By now it's time for dinner, and our restaurant choice is the perfect place to sample some of Memphis' famous barbecue. The grill at the Rendezvous , in an alley just across the street from the Peabody, has been smoking since 1948, and the restaurant has earned a stellar reputation for its “dry” ribs, a Memphis specialty. Dry ribs (pork, of course) are liberally massaged with a special blend of spices before being grilled or smoked. Typical accompaniments include baked beans, the Rendezvous' mustardy coleslaw and a pitcher or two of beer. The walls are covered with memorabilia; the place can be downright crowded, especially on weekends; and the waiters, most of whom have worked at the restaurant for decades, are characters in their own right.
For a night on the town, head a few blocks south of the Peabody to Beale Street. Although the city of Memphis was declared “Home of the Blues” by Congress in 1977, once vibrant Beale Street by that time had lost much of its appeal, with most of its music halls, saloons, pawnshops and stores shuttered. The street underwent a metamorphosis in the 1980s, however, and the result is now the focal point of Memphis' nightlife scene. Street performers provide entertainment as locals and visitors barhop from jazzy blues emporiums to lively rock clubs, and bright neon signs serve as an enticement to a variety of shops and restaurants.
For a perfect end to your evening, return to The Peabody for a nightcap in the hotel's classy Lobby Bar.

Day 2: Morning
Downtown Memphis sits on a high bluff overlooking the muddy Mississippi—Old Man River himself. The perfect place to begin your day is Mud Island River Park , which is actually not an island but more of a peninsula jutting into the river. The park incorporates both indoor and outdoor diversions. The Mississippi River Museum has 18 galleries that trace the city's history from the days when its river banks were inhabited by Chickasaw Indians, through explorer Hernando de Soto's visit, its strategic importance during the Civil War and the evolution of its musical traditions. The highlight of the outdoor segment of the park is the River Walk, a scale-model of the lower portion of the Mississippi. Children (and grown-ups) delight in taking their shoes off and walking barefoot through every curve and bend of the river as it meanders from Cairo, Ill., to New Orleans.
Memphis is, unfortunately, also known for a tragedy—the assassination of Martin Luther King Jr. His death and the history of the civil rights movement are remembered at The National Civil Rights Museum , housed in the Lorraine Motel, the site where King was shot. Interactive exhibits and audiovisual displays explain the struggle for equality in the U.S. and the racial tension surrounding his visit to Memphis. King's legacy and the continuing struggle for both civil and international human rights are examined.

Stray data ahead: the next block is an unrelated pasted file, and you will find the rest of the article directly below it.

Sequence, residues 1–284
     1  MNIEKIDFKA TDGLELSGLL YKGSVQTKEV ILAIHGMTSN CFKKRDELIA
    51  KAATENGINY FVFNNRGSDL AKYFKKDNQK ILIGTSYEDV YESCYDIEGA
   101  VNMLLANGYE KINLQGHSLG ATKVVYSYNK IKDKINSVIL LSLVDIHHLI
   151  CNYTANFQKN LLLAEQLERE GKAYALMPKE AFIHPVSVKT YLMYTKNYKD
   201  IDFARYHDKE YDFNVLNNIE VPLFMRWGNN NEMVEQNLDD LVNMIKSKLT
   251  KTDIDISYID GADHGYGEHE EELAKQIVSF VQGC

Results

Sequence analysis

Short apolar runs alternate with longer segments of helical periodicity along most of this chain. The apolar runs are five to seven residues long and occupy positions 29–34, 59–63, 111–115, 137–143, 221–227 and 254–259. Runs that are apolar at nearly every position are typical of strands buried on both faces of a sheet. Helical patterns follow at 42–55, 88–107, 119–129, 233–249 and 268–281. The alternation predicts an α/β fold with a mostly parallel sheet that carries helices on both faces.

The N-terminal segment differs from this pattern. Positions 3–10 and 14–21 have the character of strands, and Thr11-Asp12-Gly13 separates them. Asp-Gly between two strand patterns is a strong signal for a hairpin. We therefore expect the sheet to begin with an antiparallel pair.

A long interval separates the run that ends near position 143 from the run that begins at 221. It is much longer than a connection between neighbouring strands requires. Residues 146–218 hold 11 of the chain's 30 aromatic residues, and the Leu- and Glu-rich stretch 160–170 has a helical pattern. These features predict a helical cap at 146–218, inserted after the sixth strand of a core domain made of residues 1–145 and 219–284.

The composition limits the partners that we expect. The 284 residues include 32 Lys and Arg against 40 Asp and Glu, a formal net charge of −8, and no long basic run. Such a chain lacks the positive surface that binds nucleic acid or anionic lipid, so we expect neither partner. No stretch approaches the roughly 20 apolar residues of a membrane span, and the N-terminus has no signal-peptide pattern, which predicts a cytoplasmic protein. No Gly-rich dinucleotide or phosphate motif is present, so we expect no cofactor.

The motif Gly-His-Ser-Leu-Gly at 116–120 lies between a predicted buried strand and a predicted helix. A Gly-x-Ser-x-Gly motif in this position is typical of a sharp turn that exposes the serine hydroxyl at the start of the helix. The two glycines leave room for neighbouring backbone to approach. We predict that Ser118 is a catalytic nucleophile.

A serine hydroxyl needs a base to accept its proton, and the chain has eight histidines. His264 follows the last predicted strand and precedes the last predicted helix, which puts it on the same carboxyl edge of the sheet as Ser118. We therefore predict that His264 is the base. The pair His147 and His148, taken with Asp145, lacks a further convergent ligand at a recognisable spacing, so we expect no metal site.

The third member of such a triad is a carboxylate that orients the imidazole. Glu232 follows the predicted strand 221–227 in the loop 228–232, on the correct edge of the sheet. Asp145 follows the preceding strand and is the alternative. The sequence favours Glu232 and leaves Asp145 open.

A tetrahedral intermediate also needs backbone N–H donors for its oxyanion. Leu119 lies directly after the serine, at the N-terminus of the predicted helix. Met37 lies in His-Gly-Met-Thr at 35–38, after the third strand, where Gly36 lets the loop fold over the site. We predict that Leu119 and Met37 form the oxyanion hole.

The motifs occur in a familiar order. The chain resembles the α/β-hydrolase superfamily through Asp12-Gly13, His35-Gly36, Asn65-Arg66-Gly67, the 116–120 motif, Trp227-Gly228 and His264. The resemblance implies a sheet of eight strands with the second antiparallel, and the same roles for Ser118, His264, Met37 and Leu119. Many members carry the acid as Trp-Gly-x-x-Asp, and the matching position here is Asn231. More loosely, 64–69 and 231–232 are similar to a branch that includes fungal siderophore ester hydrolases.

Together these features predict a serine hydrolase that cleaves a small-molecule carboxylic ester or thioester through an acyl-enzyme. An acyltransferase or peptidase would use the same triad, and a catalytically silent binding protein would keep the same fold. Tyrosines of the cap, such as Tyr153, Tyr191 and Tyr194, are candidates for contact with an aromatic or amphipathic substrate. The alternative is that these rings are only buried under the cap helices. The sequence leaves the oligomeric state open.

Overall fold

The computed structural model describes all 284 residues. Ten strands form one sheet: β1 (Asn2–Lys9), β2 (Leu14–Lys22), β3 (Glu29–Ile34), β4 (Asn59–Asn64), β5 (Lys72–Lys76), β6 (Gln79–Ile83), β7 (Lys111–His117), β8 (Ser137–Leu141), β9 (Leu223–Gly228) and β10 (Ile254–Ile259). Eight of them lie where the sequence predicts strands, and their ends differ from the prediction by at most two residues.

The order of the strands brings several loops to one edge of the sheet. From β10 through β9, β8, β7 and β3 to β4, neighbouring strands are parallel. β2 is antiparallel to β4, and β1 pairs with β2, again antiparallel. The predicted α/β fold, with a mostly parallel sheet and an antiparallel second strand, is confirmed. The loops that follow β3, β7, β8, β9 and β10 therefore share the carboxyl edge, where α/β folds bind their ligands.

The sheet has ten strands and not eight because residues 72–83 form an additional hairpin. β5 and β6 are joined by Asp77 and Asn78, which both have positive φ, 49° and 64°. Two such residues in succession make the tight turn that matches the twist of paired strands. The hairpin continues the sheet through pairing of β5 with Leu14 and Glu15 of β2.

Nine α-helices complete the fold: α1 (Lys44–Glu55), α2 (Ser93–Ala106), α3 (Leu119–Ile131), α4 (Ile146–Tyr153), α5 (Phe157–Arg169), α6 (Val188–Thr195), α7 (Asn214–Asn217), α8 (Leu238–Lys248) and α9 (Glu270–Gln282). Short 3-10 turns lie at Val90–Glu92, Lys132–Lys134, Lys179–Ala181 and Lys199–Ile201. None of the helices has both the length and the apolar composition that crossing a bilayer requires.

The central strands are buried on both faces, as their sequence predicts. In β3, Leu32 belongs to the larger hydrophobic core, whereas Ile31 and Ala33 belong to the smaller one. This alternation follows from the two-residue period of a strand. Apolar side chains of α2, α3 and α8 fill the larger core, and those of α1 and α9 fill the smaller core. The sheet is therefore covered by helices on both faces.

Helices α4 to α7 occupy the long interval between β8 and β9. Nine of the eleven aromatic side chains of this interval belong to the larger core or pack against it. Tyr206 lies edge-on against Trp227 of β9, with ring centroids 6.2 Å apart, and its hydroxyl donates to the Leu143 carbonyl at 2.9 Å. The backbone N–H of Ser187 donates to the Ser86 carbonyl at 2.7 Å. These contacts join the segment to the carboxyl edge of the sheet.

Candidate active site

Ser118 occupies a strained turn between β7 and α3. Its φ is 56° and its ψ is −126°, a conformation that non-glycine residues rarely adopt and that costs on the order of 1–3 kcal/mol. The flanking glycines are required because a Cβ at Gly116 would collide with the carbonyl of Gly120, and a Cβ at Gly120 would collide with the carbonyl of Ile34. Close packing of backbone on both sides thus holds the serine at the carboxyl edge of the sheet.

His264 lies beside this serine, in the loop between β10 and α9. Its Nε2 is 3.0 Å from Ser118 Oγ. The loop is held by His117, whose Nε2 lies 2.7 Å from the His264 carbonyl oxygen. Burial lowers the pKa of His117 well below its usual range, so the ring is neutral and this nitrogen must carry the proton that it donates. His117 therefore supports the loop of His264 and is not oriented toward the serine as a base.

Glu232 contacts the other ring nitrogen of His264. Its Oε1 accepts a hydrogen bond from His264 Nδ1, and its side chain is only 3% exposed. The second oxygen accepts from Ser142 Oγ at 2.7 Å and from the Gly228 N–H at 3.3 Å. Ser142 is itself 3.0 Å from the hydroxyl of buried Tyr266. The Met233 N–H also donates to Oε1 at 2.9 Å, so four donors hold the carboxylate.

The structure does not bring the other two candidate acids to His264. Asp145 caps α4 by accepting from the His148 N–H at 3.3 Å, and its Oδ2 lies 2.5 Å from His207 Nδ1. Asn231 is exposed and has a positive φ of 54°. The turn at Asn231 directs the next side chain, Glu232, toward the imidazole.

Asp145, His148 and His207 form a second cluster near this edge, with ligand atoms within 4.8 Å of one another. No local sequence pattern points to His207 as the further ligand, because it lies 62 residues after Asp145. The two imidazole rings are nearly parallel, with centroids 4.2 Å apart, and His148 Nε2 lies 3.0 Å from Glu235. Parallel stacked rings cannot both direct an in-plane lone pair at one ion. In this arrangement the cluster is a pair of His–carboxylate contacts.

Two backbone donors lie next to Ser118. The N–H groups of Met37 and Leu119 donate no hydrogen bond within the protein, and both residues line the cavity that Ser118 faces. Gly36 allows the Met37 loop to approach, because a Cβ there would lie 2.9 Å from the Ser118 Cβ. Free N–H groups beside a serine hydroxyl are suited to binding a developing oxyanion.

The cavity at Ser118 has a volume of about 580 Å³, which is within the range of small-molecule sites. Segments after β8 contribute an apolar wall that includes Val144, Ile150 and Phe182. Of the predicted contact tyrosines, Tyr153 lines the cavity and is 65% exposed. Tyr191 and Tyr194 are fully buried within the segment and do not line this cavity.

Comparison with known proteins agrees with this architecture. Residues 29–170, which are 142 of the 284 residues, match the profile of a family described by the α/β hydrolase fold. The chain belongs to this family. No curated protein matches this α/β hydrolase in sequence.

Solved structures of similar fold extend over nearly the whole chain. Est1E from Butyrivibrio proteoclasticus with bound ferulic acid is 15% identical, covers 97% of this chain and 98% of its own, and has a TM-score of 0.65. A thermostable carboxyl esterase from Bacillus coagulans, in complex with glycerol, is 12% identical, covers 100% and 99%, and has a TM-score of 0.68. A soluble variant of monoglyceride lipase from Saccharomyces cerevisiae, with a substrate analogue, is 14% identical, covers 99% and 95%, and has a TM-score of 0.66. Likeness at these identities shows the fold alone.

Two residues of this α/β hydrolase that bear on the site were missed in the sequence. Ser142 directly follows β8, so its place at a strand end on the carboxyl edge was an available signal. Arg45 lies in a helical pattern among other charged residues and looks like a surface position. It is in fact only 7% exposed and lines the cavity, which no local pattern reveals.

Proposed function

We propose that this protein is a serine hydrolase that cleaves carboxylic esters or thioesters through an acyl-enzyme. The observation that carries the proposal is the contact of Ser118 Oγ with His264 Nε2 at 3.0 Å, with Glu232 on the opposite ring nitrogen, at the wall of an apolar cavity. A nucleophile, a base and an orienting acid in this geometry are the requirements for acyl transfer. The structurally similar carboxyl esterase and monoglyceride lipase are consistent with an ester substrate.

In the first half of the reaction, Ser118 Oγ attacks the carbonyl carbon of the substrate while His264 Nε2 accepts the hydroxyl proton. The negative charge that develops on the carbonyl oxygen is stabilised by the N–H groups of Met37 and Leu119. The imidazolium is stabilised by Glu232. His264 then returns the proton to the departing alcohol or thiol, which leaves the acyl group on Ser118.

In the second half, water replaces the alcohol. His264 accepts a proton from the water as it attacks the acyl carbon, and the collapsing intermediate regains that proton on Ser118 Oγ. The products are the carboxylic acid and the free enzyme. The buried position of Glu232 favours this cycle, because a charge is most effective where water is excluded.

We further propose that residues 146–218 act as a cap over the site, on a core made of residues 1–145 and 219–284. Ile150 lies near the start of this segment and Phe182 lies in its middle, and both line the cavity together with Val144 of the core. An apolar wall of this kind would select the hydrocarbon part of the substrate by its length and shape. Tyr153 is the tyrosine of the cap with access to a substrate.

Day 2: Afternoon
If you're really, really hungry about now, you can try to down an artery-clogging 4-pound Kookamonga Burger with all the trimmings at Kooky Canuck , a Canadian-themed eatery in the middle of downtown Memphis. If you manage to accomplish that feat in less than 60 minutes, the burger is free (and you'll get your picture on the wall, to boot). Regular-sized hamburgers, fried ham and cheese sandwiches and Canadian poutine are other specialties. For dessert, save room for the do-it-yourself s'mores or the 18-scoop ice cream sundae called The Avalanche.
Visiting Memphis and not making a pilgrimage to Elvis Presley's Graceland is akin to going to New York City and ignoring the Statue of Liberty. Adoring fans flock to the King's Southern-style white-columned mansion about 8 miles south of downtown throughout the year, making it the second most visited U.S. residence after the White House. Depending on your choice of tour, you'll be able to see Graceland Mansion (including the living room, shag-carpeted Jungle Room, music and TV rooms, Elvis' racquetball and trophy buildings and the Meditation Garden), Elvis' Automobile Museum and his custom jets. Thank you, thank you very much.
If you're heading back toward downtown, plan a stop along the way at the Metal Museum where you can view exquisite examples of the metalsmith's craft, both historic and contemporary; an outdoor sculpture garden; a smithy, where you can watch works being created; and a foundry. This unique museum is said to be the only one of its type in the country.

Day 2: Evening